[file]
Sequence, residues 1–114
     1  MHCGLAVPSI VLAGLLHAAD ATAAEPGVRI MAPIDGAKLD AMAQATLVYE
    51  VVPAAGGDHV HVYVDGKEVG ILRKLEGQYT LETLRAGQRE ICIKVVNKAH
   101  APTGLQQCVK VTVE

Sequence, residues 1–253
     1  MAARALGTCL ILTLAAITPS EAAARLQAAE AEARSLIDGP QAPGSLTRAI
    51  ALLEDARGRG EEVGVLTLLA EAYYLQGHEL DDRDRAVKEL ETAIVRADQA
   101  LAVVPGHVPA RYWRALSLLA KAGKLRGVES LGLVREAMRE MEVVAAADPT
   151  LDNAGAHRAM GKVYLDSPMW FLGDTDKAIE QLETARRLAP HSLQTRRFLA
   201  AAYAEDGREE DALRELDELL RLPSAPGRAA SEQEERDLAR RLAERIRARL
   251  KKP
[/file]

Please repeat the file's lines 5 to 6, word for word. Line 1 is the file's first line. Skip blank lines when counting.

Sequence, residues 1–253
     1  MAARALGTCL ILTLAAITPS EAAARLQAAE AEARSLIDGP QAPGSLTRAI